Considered one of the biggest moments in the Batman comics, Batman: The Killing Joke is one of the most revered stories by fans within the DC community. It was originally released as a one-shot comic in 1988, created by writer Alan Moore and artist Brian Bolland. It has been considered as one of the best Batman stories to date and is also credited as containing the definitive Joker back-story by many fans. It also had a huge ripple effect within the Batman universe that was felt for years to come.
With the comic being held in such high regards, it’s no wonder that it was eventually adapted into an animated film in 2016. Now, Titan Books has released a novel based on the original 1988 comic with the goal of capturing the intense and life-altering events that transpired.
I was surprised to see that there were so many characters in the Killing Joke novel. The story focuses on these characters throughout the story:
- Batman/Bruce Wayne
- The Joker
- Batgirl/Barbara Gordon
- Jim Gordon
- Alfred Pennyworth
- Harvey Bullock
- Python Palmares
- Susan “Suzi Mustang” Klosmeyer
- Zach Tarzic
Each of them gets dedicated perspective time which tends to get overwhelming when the book suddenly changes perspectives mid-chapter.
Without spoiling too much of the plot, the story made a decent attempt at trying to recreate the events of the comic. We, eventually, do see these events transpire in the book, however, there isn’t a lot of time spent on them. About 70% of the book focuses on everyone but the characters it should be. The Killing Joke is, first and foremost, the story of Batman, the Joker, Jim Gordon, and Batgirl. There was so much time dedicated to the other characters of the story that I kept forgetting what was supposed to be the point of it all. It felt really disconnected and pointless, to a certain extent.
The story takes place in the 80s when the internet was in its infant stages and was still referred to as the ARPANET. I thought this was a strange choice, but I assume it was done to set it during the same time in which the original comic was released. Unfortunately, this was a poor choice in my opinion because the writers’ included slang and terminology that’s more modern and it really clashed with the backdrop of the story.
Batman has a HUGE rogue gallery consisting of many fan-favorite villains. The book attempts to pay homage to this by name-dropping them throughout the story, but it all feels forced. I think my main problem with the book is that instead of trying to expand on the Batman universe the writers instead try to plant their original characters within it. It comes across as fan-fiction instead of an officially licensed novel.
There is a lot of exposition included in the writing. At times there were full pages of descriptions of what the area looked liked and paragraphs of what characters were wearing. For me, it took away from the story as I wanted to skip ahead to dialogue as I felt the point had already been made. Being co-written by a female writer, I was surprised to see so much attention to detail spent on the female character’s bodies. Descriptions of their “glistening breasts” and being told what size cup their breasts were made me roll my eyes.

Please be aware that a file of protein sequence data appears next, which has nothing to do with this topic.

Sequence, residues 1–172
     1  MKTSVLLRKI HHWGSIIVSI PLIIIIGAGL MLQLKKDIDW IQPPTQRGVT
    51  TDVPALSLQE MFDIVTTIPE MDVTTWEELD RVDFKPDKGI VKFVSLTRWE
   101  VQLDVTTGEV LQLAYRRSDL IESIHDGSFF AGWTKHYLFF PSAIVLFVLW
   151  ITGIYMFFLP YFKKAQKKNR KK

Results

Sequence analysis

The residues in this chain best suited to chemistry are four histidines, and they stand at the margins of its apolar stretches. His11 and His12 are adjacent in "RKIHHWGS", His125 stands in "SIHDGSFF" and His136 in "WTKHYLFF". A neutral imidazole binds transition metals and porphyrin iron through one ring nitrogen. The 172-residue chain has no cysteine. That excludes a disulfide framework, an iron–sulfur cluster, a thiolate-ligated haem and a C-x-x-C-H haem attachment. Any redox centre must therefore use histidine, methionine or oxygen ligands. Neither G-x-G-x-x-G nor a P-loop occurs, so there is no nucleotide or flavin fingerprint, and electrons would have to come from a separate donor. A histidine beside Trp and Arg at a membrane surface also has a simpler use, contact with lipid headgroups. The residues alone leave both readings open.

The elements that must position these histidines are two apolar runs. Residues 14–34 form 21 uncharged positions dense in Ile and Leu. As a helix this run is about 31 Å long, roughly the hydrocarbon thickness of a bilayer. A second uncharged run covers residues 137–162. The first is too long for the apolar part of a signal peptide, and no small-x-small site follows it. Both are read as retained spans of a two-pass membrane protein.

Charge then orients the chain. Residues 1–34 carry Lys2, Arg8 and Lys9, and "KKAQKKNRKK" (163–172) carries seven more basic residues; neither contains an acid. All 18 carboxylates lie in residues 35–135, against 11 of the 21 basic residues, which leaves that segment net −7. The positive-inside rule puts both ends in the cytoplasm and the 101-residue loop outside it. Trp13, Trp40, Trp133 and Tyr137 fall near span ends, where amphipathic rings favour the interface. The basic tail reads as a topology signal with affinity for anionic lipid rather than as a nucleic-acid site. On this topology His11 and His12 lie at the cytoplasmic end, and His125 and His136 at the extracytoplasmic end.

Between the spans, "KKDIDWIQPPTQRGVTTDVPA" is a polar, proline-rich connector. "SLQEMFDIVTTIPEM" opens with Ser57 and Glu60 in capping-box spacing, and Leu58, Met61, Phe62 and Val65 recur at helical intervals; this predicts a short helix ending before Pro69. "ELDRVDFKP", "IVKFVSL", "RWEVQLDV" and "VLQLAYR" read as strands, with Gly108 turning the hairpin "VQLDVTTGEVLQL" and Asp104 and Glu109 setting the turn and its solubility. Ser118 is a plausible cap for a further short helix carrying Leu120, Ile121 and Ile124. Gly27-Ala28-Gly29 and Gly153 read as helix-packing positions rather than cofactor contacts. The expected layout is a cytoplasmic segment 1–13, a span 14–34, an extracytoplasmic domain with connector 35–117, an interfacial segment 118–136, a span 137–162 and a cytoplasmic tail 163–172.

As mentioned before, the writers constantly jump back and forth between perspectives. It really drags the flow of the story to a screeching halt as you’re trying to figure out when everything is taking place. Furthermore, just as the story is getting interesting is when the jumps happen, and it just makes for an unpleasant reading experience.
With the side characters, especially for the original characters created by the novel’s writers, I felt like there was a decent amount of character development. Suzi Mustang’s drug trade story was genuinely interesting, and I really wanted to know more about her. However, the same amount of care and progression wasn’t seen in Barbara/Batgirl. Capturing the essence of pre-established characters is a difficult task and, unfortunately, I don’t think the writers had enough of an understanding on who Batman, Batgirl, or the Joker are. Sure, some of their attitudes were included in the story, but most of these were ripped straight from the source material.
As much as there was a lot of focus on these side characters, their plots never came together to meet the main story. I didn’t understand what Suzi’s plan or Harvey’s break-in had to do with Batman or the Joker. Then, we suddenly rush through the Killing Joke story within the last ten chapters and are presented with a rushed follow up of the rest of the stories in the last chapter. It made the book feel like it was more of a “Tale from Gotham” set of anthology stories than it did about following the Killing Joke arc. I think had it been marketed and presented in that way it would have made more sense.
The book sits at 293 pages long. It’s about an average length by today’s standards and could probably be finished in a couple of days of dedicated reading. I don’t feel like the goal of adapting the original story into book form was quite achieved. Instead, we are presented with a cluster of fractured stories loosely tied strings. The ending is unfulfilling and it feels rushed, almost as if the writers ran out of time and, as all good comedians know, you never rush the punchline.
You can grab your copy of Batman: The Killing Joke from Titan Books!